Exercise:The oldest man in the world Spanish
Re: Sentence: and
eats a lot of fruit and vegetables.
come mucha fruta y verdura.
could also say: y come mucha fruta
I was wondering why both fruta and verdura are not plural,
2) I really like all your exercises, and do appreciate your adding "You could also say sections". I have noticed that these (so far that I've seen) are basically
synonyms. Are there instances where you show how the sentence could be constructed differently and still have the same meaning (syntax /word order wise). I know that Spanish is a very pliant language that way, but I know that there are some things that are not acceptable (like any language) and find this would be helpful.
Thank you so much for the great work that you all do!
Freeform Writing Exercise A1
Thank you for your comments and your question.
In that snippet we are admitting different sentences as possible correct answers because as you say Spanish is most of the time flexible in terms of word order. In writing exercises we add the most common ways to say a sentence as long as obviously the meaning is the same (or extremely similar). In this specific snippet you mentioned about eating fruit and vegetables, in Spanish the most common translation to "and he eats a lot of fruit and vegatables" would be:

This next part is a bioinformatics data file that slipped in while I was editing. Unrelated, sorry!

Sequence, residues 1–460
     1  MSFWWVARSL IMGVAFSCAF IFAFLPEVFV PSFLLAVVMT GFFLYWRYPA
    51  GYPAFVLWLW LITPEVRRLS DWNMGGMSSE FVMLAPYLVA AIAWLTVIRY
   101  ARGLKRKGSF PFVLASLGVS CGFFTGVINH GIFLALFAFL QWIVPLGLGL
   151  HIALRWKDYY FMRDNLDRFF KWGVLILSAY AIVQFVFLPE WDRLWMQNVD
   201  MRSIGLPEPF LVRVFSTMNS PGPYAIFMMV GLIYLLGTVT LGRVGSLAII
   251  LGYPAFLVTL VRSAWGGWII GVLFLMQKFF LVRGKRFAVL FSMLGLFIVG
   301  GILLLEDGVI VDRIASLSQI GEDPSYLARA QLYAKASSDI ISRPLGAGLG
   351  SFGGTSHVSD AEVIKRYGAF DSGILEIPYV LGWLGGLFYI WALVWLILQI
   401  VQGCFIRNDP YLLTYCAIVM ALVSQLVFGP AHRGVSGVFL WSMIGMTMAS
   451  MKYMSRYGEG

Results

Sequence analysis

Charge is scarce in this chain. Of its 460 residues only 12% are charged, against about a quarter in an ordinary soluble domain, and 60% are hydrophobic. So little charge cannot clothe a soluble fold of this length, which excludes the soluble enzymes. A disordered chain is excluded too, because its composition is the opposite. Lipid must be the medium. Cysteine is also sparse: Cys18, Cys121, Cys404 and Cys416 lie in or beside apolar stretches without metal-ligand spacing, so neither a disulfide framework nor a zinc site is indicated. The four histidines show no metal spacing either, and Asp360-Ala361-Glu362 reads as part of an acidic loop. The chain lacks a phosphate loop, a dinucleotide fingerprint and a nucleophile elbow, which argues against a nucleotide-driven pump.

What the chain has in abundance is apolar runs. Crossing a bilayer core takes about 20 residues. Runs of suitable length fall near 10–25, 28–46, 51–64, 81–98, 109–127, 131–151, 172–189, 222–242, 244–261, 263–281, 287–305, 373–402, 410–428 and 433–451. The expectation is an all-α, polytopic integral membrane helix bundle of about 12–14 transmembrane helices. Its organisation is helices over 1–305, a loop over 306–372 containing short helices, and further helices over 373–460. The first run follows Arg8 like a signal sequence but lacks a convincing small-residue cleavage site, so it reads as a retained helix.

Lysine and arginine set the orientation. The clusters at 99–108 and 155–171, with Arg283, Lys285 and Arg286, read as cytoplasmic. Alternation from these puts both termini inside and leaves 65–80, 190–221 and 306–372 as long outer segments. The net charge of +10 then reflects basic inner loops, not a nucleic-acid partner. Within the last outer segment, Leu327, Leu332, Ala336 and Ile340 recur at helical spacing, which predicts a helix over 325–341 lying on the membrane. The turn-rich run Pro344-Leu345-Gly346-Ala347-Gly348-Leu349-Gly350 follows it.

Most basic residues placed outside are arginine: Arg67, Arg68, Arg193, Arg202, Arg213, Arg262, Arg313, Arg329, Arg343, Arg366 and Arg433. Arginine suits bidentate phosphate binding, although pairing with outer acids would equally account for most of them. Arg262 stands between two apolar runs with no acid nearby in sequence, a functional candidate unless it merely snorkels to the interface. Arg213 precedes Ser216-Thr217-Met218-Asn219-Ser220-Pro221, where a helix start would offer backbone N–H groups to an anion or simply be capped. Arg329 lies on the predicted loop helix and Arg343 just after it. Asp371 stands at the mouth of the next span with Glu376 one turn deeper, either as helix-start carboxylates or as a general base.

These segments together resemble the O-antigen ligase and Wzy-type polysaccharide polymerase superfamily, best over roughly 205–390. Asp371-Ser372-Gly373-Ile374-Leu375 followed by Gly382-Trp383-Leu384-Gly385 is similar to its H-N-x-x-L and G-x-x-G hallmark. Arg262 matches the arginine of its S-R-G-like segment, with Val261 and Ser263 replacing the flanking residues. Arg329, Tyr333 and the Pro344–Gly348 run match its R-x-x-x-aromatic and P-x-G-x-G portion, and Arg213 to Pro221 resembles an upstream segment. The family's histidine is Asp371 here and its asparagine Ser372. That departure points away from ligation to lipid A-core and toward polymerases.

We tend to say this sentence using both "fruta" and "verdura" as a group, not as countable nouns.
However we also admitted the most literal translation from the English using the plural of vegetables (verduras) because it is something we could also say in Spanish. This is why we also admit:
However, for some reason, we wouldn't normally use here "frutas" in plural. This is why we haven't added a possible correct answer "y come muchas frutas y verduras". This would be grammatically right, of course, but not the common way to say it in this context.
As for adding to the system all the possibilities in terms of syntax/word order we can only manually add one by one the most common and correct possible answers for each snippet.
I hope this helps,
Hola Inma and thank you for your reply.
I was wondering if instead of showing synonyms in the "You could also say: " sections (which we can pretty easily find online or a regular dictionary) changes in syntax /word order itself.
I find this to be the most challenging of all, as I never know if how I am building my sentence could be constructed otherwise and still be OK. If that would be possible, wow! or looked into as a possibility?
I realize there's no way to show all the ways, but one or two (where applicable) would be great!
Thank you again for the great work you do.
PS: I believe you are the voice in the audios?
You sound great!
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